SGA board approves updated ‘present day’ constitution: Rollins


By Kayla Perry

At the Nov. 13 Students’ General Association board meeting, the board voted to officially endorse the new version of the SGA constitution.

The SGA has been in the process of re-vamping the constitution, which was last updated 20 years ago, since the beginning of this school year.

The vote took place on Nov. 13, and Andy Rollins, SGA President, as well as Charles Wilson, SGA Executive Director, signed the official copy on Nov. 14.

Rollins said the biggest change between the new SGA constitution, and the former 20-year-old constitution is that the new constitution has been brought up to “present day.”

Another glaring change is the size the SGA board will be: “instead of having a board of 60-plus people, we’ve reduced it down to 12 people,” said Rollins.

Going hand-in-hand with the smaller board will be SGA council, which will consist of approximately 60 people. The council will meet once a month during the school year, excluding the months of December and April, due to exams, and the SGA board will continue to meet every two weeks as per usual.

“Right now, the SGA board kind of functions as the council: there are 60 people and they all have their own separate voice. Basically what’s happening in the meetings now is (the SGA) is trying to filter through all of the 60 voices,” said Rollins. “Now, since the council will meet once a month, and we’ll have the SGA Board of Governors that meets once every two weeks, the council’s job will be to filter through the voices, and find the big issues.”

The 60-people council will be composed of the SGA Executive (including the president, and the vice-presidents), the senators, a representative from the LU residences and another for the federated universities, two representatives for off-campus students, a representative from each department, the executive director, and representatives from constituency groups (such as accessibility, pride, indigenous and women’s center), as stated in the constitution.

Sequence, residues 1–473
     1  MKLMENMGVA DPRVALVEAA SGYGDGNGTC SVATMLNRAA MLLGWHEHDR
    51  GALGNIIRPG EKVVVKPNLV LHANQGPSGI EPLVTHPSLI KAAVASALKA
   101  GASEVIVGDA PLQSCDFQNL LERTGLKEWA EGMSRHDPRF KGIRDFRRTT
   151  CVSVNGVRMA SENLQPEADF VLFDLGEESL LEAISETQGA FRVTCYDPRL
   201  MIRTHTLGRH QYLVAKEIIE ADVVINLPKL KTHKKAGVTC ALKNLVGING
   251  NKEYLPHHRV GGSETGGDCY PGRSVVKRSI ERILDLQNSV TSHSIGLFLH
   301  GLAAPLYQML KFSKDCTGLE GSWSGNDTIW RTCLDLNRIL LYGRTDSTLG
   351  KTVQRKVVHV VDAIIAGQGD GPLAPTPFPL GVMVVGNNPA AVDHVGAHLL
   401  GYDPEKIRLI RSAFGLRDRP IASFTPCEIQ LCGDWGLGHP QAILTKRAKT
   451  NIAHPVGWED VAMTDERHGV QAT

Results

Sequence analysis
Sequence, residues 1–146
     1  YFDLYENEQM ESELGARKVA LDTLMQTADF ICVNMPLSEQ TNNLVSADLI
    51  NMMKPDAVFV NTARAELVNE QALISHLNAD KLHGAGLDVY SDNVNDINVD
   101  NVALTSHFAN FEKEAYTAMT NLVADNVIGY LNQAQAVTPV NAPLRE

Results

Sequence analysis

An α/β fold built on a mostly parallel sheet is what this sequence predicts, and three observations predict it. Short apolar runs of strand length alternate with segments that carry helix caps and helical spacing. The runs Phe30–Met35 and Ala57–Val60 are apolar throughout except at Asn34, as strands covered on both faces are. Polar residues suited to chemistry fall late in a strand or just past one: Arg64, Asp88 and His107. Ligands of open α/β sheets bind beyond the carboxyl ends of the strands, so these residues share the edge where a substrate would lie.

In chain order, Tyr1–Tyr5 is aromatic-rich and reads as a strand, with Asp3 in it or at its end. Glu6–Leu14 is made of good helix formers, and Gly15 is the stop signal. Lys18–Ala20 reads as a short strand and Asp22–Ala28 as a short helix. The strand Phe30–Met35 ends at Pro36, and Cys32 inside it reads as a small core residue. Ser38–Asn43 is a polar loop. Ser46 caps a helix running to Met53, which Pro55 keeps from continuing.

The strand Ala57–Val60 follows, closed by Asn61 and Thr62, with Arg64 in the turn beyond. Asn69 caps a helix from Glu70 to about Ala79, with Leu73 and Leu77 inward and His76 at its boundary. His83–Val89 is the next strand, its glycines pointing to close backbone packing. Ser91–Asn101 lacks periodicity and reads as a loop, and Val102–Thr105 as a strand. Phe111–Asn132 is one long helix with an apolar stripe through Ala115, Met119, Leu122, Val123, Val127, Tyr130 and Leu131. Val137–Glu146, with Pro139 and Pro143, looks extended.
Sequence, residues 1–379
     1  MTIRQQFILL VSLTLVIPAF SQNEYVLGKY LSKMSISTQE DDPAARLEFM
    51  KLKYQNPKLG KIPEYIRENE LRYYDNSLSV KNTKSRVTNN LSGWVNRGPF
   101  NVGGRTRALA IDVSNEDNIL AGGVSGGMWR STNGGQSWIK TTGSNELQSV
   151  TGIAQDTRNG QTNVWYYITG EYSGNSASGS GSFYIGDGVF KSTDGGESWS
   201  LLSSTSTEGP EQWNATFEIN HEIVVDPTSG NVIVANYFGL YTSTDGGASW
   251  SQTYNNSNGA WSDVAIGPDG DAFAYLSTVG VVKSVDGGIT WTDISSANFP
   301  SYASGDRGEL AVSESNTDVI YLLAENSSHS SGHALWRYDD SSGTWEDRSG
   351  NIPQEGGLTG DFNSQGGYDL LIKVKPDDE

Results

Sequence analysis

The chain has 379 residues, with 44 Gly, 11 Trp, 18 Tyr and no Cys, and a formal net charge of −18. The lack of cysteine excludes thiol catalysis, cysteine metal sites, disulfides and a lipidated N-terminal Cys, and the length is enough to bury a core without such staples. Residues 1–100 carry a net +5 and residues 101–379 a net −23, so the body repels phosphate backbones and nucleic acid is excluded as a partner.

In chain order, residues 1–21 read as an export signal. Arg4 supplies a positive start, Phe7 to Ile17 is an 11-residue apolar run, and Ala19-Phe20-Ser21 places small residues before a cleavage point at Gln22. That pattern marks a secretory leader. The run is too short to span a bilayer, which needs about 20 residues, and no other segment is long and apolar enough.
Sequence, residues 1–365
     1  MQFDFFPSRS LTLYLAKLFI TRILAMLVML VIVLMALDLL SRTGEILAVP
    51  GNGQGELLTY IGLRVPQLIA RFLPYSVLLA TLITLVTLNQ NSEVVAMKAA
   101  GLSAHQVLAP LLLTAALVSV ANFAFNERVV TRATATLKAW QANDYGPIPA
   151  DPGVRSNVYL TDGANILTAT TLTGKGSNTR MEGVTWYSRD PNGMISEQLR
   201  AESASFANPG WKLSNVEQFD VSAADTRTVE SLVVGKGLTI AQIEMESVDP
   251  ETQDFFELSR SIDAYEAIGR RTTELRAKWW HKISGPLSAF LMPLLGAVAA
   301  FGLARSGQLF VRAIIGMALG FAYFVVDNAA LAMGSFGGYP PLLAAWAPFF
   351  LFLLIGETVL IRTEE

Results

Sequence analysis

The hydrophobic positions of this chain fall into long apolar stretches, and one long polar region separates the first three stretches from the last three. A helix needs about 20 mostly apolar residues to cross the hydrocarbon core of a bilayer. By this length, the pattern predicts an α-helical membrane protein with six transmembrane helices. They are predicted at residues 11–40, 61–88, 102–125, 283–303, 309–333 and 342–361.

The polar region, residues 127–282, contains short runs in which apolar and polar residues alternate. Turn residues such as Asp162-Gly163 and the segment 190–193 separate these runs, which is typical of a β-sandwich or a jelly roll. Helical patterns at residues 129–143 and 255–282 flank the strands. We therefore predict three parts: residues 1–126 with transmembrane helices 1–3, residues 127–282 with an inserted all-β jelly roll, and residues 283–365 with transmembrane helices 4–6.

“Essentially, the council’s job is to filter through the issues around campus, to give (the SGA board) the bigger issues,” said Rollins. “It’ll help us run a smoother SGA for our students.”

Another change in the updated constitution is the new titles of the Vice President’s roles. The VP of Issues title was changed to the VP of Policy and Advocacy, and the VP of Services was changed to the VP of Student Life.

“(The SGA) felt that over the past 10 years, the VP positions have taken on a different role in the school and community,” Rollins said. “The former names were very broad – a new person coming into the job may not know what the job entails. We changed it so the new people coming into the jobs know what their role is.”

The SGA board voted to endorse the four sections of the constitution: Section H, which covers the transitional provisions, the bylaws, the rules of order, and finally the constitution itself.

Although the constitution was voted on in November 2013, many of the changes will come into action in Sep. 2014, such as the new vice-president titles and the council.

“The SGA is always changing, and so is the constitution,” Rollins said. “As soon as this constitution gets put into place, the university will be changing again, and the constitution will be old again. It’s something we have to keep changing and keep up with. If

anyone has any suggestions they want to bring to the board, we highly suggest they do that.”

Although the SGA board voted in favour of the new constitution, the process is not over yet: at the SGA’s Annual General Meeting, which will take place on Dec. 4, the approval of the constitution must get approved. Rollins said that although the SGA constitution was not online immediately, it will be online by Nov. 16.